skip to content
Group shot of the 1969 Physical Chemistry Department members

The Physical Chemistry Department in 1969: Dick is standing in the second row at the extreme left and Professor Brian Thrush is seated on the front row, 5th from the left. Other members of the Thrush group are Michael Golde (next to Dick), Adrian Tuck (third row extreme left),  Tony Wild (fourth row, fourth from the right), Paul Davies (next to Tony Wild) and George Mack (third row second from the right).

Richard DerwentRichard (Dick) Derwent, who completed his MA and PhD here between 1965 and 1971, has written a book called Air Pollution and Climate Change:The Basics, with colleague John K. Pearson.

Dick is very proud to have completed his PhD in physical chemistry in the Lensfield Road labs under Professor Brian Thrush. “I still use my training in chemistry and research techniques every day, and it is every bit as useful now as it was fifty or so years ago,” he says.

After completing his PhD, Dick was involved in modelling photochemical ozone formation, acid rain and global atmospheric chemistry, first at Harwell and then at the Met Office.  He took early retirement in 1993 and became an independent scientist working on air pollution and global climate change. He has spent much of his scientific career studying air pollution and atmospheric chemistry, and has co-authored over 550 peer-reviewed scientific papers, reports and book chapters.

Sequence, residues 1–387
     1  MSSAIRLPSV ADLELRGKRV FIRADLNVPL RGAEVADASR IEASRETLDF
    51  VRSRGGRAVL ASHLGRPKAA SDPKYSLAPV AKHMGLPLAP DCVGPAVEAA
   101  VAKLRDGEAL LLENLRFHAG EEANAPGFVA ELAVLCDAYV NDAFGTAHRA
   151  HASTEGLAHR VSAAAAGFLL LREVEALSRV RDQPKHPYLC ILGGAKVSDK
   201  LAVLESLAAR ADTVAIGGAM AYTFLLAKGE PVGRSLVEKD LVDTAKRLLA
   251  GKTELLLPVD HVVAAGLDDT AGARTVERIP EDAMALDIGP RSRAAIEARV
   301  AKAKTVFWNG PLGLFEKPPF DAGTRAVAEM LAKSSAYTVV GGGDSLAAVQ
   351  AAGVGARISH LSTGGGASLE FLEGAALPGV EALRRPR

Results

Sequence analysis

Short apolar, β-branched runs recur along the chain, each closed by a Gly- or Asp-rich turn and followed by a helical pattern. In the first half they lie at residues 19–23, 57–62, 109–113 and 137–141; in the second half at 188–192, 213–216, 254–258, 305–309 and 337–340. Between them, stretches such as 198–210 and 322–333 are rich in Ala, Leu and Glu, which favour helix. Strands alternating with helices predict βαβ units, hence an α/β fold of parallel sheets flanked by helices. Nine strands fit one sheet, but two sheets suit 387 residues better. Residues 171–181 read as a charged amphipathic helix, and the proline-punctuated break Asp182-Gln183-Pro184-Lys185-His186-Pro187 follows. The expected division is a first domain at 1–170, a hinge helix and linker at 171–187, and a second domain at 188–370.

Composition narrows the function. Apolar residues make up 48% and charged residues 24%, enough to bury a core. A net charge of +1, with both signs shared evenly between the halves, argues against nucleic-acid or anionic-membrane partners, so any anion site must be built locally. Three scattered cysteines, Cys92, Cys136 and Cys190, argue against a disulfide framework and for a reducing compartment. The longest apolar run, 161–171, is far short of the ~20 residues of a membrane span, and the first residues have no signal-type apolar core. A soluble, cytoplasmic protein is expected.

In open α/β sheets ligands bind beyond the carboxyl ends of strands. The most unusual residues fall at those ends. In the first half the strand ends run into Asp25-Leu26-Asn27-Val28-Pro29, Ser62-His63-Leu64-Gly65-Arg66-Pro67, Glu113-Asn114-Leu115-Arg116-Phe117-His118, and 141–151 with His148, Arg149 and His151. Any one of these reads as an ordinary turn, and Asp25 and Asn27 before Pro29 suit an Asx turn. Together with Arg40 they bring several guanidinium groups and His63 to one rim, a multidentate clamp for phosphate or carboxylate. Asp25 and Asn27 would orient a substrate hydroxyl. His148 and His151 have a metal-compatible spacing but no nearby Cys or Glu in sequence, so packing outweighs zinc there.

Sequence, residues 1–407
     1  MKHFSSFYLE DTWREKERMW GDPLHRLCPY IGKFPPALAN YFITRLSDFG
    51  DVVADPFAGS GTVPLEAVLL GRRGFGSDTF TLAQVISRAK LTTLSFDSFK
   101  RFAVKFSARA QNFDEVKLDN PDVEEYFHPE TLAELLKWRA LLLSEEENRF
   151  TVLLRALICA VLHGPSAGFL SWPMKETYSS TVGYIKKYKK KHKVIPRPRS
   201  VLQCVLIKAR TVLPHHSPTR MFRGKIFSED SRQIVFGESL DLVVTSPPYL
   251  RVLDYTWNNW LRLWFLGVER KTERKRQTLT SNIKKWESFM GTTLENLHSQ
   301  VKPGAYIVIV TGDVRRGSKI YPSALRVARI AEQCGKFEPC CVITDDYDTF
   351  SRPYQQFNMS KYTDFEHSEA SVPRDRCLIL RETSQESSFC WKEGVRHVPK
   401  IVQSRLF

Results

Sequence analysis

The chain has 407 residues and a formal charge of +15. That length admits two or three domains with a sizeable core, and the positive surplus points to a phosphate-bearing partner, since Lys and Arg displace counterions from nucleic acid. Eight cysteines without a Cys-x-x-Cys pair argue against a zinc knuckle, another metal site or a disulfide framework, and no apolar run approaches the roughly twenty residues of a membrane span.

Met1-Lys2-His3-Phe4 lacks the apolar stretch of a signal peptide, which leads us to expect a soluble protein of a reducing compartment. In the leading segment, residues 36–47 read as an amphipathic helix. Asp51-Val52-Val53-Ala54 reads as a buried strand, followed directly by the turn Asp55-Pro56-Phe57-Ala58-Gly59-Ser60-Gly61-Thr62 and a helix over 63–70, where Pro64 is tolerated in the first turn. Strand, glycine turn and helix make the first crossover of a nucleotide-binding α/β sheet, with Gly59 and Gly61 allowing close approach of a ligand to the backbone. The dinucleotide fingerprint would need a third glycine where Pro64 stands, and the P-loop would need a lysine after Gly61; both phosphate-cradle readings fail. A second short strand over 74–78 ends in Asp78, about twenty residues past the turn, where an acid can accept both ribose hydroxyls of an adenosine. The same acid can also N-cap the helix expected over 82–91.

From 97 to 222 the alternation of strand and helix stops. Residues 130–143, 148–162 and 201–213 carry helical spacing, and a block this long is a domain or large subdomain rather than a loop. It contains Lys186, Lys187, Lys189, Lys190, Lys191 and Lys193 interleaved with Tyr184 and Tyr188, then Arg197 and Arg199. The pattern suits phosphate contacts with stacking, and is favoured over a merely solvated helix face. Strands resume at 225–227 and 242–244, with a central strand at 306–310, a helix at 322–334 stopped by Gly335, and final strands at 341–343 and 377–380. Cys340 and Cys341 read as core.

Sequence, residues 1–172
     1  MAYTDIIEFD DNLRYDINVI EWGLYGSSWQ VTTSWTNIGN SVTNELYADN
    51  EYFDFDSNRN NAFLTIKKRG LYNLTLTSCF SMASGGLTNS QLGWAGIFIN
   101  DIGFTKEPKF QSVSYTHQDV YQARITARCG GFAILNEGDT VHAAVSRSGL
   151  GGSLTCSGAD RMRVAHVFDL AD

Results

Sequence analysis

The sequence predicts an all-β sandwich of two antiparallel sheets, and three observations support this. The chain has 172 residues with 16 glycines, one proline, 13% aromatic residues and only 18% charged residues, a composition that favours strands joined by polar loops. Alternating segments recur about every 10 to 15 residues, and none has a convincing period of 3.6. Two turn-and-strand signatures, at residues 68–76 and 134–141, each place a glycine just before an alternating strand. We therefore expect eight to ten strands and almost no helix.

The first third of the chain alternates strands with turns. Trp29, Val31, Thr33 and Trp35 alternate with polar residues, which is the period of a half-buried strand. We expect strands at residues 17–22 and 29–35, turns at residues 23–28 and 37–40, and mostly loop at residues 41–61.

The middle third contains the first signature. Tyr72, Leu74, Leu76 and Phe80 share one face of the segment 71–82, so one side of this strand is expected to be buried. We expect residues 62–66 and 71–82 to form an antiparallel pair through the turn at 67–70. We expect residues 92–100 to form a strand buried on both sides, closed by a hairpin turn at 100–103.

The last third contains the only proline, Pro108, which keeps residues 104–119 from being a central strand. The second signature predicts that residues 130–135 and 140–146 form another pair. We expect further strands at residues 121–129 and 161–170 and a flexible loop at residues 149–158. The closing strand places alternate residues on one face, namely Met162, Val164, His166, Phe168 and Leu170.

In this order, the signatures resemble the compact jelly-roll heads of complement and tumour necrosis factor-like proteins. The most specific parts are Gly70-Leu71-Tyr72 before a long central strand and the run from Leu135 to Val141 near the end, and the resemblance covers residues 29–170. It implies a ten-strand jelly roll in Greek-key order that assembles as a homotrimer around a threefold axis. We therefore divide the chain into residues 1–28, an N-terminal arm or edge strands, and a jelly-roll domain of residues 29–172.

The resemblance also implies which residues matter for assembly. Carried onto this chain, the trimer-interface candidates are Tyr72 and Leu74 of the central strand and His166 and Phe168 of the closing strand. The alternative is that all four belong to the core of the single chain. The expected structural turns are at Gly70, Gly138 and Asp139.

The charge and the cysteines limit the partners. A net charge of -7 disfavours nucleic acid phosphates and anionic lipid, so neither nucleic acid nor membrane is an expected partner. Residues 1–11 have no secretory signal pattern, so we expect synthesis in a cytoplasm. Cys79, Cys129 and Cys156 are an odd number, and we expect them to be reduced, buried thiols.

Dick Derwent in his office, courtesy of his co-author John Pearson, just before the Met Office relocated to Exeter in 1993.

Dick’s summary of Air Pollution and Climate Change: The Basics

Our book identifies four key forms of air pollution: indoor, urban, regional and global. We discuss how these four types of pollution are manifest in today’s society and examine the scientific and policy challenges that stand in the way of progress.

Writing in a style that balances scientific underpinnings with accessible language, we examine the sources and historical context of air pollutants, before dedicating a chapter to each of the key forms. Armed with these basics, we address how to improve indoor, urban and regional air quality, while reducing global warming in the years ahead.

We hope this book leads to a greater understanding of the challenges of global climate change, and we offer new proposals for reducing global warming. However, we conclude that it is only when we have a scenario of reforestation combined with reductions in emissions of all greenhouse gases that real progress will be made in the fight against climate change. When this happens, air pollution will also be consigned to history.

With a foreword written by Professor James Lovelock of GAIA fame, this book will be of great interest to Cambridge Chemistry alumni, students and scholars of climate change and environmental policy, as well as air quality professionals working in this important field.

Dick is the joint author of two previous books: Atmospheric Pollution and Environment Change and Mechanisms of Atmospheric Oxidation of the Alkanes. He is an independent scientist studying air pollution and atmospheric chemistry and a visiting professor in the School of Geography, Earth and Environmental Sciences at the University of Birmingham.

Book cover and graph (below) reprinted by kind permission of Routledge.